NEW YORK (Reuters) - Merger talks between United Airlines and US Airways Group Inc have slowed and a deal is not expected in time for review by the Bush administration, sources said late on Tuesday.
The sources told Reuters the talks have not ended, but that United, which is owned by UAL Corp, is continuing its alliance talks with Continental Airlines Inc.
Both United and US Airways declined to comment.
In a report on its web site, the New York Times cited unnamed people with knowledge of the discussions, saying the talks might be revived at some point but that in recent days there had been little to no contact between the companies.
Citing one person involved in the talks, the newspaper said that internal teams of senior executives at both companies and external bankers and lawyers involved in the project, had put it on “permanent hold.”
Even as its talks with US Airways were continuing, United had begun talks with Continental for a possible alliance, sources briefed on the matter told Reuters earlier this month.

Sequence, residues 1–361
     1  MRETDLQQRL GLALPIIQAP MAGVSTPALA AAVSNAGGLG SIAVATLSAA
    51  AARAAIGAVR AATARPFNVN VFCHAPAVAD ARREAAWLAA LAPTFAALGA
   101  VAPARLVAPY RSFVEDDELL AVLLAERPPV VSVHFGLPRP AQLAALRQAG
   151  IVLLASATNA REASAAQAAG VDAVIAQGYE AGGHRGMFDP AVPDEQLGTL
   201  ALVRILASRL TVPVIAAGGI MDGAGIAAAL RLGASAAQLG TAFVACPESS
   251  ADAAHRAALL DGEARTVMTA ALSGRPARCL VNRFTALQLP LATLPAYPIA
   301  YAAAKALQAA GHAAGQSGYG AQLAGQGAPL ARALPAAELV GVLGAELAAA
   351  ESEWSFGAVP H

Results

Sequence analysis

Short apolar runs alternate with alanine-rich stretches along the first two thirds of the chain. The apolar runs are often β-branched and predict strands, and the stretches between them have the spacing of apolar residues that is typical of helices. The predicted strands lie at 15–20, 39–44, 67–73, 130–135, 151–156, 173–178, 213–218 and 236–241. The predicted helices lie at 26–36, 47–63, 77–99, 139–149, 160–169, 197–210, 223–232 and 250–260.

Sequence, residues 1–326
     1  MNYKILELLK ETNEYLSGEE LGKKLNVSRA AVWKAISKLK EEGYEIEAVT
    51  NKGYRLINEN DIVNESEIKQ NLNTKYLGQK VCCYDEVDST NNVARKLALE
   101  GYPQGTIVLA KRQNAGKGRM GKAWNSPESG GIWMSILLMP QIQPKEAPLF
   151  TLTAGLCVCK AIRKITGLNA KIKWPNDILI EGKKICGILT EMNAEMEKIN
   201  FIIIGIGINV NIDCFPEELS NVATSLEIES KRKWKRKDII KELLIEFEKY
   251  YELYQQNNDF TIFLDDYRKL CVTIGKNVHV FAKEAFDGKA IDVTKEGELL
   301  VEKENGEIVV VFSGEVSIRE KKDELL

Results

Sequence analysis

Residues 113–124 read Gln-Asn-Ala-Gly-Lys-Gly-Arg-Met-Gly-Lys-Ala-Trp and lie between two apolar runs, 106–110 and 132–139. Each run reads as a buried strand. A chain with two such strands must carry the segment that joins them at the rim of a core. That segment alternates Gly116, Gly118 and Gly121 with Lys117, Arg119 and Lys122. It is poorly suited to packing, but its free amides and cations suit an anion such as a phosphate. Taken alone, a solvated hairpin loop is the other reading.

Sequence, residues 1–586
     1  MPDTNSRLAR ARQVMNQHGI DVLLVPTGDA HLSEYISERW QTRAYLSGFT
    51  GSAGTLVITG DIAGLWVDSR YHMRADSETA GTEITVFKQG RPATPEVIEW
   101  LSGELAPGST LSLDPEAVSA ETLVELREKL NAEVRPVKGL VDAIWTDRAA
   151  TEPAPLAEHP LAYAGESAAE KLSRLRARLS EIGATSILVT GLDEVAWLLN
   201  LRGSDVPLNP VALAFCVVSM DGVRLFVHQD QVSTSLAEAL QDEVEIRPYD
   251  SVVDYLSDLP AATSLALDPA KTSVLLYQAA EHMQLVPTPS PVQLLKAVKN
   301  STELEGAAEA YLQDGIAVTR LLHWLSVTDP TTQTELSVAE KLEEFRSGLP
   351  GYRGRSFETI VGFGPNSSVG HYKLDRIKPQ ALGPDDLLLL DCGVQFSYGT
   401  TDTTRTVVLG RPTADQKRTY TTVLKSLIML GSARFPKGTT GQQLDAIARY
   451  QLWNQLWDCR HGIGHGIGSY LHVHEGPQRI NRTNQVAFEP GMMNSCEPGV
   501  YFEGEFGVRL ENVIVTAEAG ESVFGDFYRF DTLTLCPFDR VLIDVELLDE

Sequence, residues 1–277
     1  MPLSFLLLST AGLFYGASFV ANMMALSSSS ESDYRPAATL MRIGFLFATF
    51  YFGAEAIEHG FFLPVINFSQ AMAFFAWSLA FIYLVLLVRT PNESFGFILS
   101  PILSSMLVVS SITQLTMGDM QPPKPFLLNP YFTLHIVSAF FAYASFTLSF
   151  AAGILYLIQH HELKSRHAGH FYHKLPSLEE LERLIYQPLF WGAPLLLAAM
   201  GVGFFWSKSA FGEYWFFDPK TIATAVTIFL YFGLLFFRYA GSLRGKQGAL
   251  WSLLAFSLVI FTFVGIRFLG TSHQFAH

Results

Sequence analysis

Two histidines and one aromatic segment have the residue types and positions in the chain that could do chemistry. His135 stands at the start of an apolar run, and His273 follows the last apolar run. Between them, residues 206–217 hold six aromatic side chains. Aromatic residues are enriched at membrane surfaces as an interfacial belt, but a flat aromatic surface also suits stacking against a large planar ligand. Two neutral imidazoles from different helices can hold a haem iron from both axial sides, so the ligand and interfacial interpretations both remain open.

Continental, which called off merger talks with United in late April, is also in advanced alliance talks with American Airlines AMR Corp and British Airways Plc, sources have previously told Reuters.
The wave of talks come after Delta Air Lines Inc and Northwest Airlines Corp said in April they planned to merge and become the world’s largest airline, seeking to counter skyrocketing fuel prices, a weak economy and growing competition from European carriers as trade barriers fall on trans-Atlantic travel.
After racking up $35 billion in losses and finally emerging from a 5-year slump in 2006, U.S. airlines are hoping mergers could give them greater market power to reduce flights and raise fares.
The airlines also face a renewed sense of urgency to cut costs as jet fuel prices have more than doubled since the start of last year.
Reporting by Jui Chakravorty Das and Sinead Carew; Editing by Anshuman Daga